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      Nixon signs bill to repeal parts of dog breeding law

      Update: April 28 at 10:10 a.m.: Governor Nixon has signed into law a bill rewriting a voter-approved law on dog-breeding operations in Missouri. The Governor took that action last night after lawmakers approved a new version of the law. The action began yesterday when Nixon signed a previously-passed bill repealing key sections of the voter-approved proposition b.As part of a compromise among state-based agriculture and animal welfare groups, lawmakers quickly agreed to amend their original bill with additional changes. The voter-approved limit of 50 breeding dogs per business is now repealed and many of the original dog-care provisions will be replaced. The new law gives dog breeders more time to comply with requirements for animal housing.Governor Nixon said, "For existing breeding facilities, the Missouri Solution doubles the amount of space that must be required for each dog as of January 2012, and it triples the amount of space that must be provided after January 2016. For all new facilities, the requirements are tripled immediately.

      The new law goes into effect immediately.

      Update: April 27 at 4:50 p.m.: State lawmakers have approved changes to the state's dog breeding regulations in a deal with Gov. Jay Nixon.This morning, Nixon signed a repeal of Prop B, the state-voted puppy mill law. Last week, animal advocates and state-based agriculture wrote a compromise for Prop B.The compromise now heads to Gov. Nixon's desk.The Senate approved the compromise by a vote of 24 to 10. Update: April 27 at 3:50 p.m.:

      The Missouri House has approved additional changes to the state's dog breeding regulations in a deal with Gov. Jay Nixon to sign separate legislation repealing key parts of last year's voter-approved law.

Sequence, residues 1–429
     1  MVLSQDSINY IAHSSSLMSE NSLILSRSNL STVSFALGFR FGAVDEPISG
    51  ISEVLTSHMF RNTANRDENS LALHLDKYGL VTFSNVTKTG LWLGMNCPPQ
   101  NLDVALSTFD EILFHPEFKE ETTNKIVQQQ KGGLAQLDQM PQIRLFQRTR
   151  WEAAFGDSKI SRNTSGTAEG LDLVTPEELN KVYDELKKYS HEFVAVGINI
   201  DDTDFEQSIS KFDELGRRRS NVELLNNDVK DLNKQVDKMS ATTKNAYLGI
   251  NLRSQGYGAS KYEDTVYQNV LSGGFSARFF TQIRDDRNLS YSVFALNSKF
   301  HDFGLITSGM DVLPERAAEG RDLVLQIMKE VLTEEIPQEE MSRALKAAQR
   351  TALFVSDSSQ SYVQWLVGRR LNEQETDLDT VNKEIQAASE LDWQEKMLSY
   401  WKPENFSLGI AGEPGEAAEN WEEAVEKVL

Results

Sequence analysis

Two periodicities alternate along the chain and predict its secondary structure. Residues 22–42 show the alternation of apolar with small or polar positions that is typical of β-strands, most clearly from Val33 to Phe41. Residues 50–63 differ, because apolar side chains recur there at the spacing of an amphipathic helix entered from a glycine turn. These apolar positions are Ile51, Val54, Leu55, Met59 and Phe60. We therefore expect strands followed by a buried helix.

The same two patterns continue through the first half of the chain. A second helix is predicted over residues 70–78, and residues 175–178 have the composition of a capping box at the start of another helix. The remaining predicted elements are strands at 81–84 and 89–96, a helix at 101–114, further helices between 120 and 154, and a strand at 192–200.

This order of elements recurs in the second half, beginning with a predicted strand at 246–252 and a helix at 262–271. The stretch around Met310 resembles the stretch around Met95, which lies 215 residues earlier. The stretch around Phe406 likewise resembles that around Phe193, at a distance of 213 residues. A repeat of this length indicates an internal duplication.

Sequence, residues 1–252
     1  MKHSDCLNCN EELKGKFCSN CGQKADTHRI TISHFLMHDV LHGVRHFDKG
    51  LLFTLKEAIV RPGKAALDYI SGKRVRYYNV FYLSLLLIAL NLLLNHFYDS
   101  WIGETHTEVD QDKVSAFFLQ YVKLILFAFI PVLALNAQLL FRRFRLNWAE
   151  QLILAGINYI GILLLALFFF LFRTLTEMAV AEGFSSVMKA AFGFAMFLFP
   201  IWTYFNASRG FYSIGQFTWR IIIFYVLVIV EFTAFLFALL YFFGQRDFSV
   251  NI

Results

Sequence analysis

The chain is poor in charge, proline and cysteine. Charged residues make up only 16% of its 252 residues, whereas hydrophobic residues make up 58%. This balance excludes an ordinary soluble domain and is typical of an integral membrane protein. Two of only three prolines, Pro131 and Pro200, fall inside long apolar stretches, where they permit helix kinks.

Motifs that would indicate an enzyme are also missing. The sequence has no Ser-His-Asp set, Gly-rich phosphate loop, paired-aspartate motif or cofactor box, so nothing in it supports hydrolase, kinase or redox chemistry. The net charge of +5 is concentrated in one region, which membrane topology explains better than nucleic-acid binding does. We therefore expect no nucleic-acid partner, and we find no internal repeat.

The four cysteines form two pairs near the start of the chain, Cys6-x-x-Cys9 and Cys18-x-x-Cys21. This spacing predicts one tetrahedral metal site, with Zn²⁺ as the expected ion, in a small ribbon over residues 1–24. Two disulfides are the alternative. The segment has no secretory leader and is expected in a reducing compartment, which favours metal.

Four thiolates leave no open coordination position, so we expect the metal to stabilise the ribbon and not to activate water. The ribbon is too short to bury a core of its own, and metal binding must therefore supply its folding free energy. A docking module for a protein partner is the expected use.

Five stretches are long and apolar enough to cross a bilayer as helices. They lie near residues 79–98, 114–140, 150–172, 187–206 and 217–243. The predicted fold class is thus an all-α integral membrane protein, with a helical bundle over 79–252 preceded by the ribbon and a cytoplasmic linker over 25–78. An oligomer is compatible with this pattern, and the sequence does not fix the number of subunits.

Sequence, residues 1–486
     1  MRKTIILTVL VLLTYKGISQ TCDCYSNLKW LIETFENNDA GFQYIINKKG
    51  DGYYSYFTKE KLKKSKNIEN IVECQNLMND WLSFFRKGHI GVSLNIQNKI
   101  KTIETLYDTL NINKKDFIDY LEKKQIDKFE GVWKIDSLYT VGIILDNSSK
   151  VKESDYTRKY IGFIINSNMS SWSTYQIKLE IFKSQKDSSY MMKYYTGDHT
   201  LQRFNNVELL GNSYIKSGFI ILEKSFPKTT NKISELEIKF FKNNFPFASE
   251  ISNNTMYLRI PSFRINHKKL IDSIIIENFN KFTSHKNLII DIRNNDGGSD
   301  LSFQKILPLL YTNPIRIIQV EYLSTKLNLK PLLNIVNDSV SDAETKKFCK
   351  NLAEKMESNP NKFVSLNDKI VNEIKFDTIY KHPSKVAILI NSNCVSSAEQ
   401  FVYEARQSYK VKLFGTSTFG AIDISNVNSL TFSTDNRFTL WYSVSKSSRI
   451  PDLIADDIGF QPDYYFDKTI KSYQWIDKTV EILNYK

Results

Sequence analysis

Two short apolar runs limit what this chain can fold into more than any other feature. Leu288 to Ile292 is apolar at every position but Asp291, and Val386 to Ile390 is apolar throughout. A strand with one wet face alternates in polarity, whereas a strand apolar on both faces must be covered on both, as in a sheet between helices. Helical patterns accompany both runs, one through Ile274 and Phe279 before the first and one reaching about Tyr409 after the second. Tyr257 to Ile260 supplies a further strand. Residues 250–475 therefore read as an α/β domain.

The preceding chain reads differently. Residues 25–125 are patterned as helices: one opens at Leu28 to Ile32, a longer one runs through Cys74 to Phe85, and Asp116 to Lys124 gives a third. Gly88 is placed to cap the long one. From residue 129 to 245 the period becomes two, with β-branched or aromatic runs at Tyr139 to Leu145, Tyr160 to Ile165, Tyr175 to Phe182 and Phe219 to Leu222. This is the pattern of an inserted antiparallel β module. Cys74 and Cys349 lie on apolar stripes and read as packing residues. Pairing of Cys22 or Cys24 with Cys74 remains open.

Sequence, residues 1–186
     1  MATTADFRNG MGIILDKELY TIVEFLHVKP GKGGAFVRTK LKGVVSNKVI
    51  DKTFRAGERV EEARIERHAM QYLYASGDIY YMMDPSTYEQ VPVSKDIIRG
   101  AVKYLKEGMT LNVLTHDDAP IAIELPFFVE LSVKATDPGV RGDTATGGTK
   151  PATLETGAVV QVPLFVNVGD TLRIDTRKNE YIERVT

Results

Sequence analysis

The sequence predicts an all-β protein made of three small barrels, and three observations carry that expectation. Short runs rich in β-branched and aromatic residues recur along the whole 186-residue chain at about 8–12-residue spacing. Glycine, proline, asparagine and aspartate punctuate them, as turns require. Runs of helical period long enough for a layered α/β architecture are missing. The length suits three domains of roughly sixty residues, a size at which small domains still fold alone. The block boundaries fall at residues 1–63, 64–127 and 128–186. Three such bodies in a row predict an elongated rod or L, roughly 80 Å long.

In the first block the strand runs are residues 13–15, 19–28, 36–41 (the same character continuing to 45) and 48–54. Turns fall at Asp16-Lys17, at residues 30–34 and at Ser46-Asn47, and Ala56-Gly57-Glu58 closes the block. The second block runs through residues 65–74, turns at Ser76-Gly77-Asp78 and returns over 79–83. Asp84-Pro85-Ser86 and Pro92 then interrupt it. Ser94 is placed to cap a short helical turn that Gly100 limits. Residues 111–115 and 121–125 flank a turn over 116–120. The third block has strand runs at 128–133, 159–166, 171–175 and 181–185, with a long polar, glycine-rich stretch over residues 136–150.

House members endorsed the new bill Wednesday shortly after Nixon signed another bill rolling back parts requirements in the voter-backed law.

      The new legislation would give breeders more time to comply with expanded housing requirements for their dogs. It also addresses veterinary care requirements.

      Nixon's administration brokered a deal over breeding regulations with state-based agriculture and animal welfare groups.

      The House voted 108-42 to approve legislation needed for that agreement. The measure was added by the House to a separate Senate bill, meaning the Senate must decide whether to accept the changes or request negotiations. Update: April 27 at 12:30 p.m.: Governor Nixon released the following statement regarding his signature of the repeal on Prop B, or the puppy mill law: I am extremely pleased that agriculture and animal welfare groups from across our state have worked together to reach a Missouri solution to this complex issue" Nixon said. "The Missouri solution upholds the will of the voters by protecting the welfare of dogs, while also ensuring the future of Missouri agriculture. I look forward to having the Missouri solution, Senate Bill 161, on my desk as soon as possible.Original Story:Governor Jay Nixon has signed legislation repealing part of a voter-approved dog law in an agreement with lawmakers to consider more changes to breeder regulations.

      Nixon signed the legislation Wednesday. It eliminates a cap of 50 breeding dogs and rolls back various requirements on dogs' living conditions. In the changed version, breeders would need to provide appropriate space for dogs based on regulations set by the Department of Agriculture. In addition, operators would pay more for licenses and help finance a program that crack down on unlicensed breeders. Earlier this month, the House and Senate approved the revision that Nixon signed Wednesday.

      Nixon's administration has also brokered a deal with state-based agriculture and animal welfare groups to make more changes to the ballot measure passed by voters last November. The House could consider that legislation this week. It would give dog breeders more time to comply with expanded housing requirements.Republicans last week urged the Governor to sign the bill, then later work on a compromise.

      (The Associated Press contributed to this story.)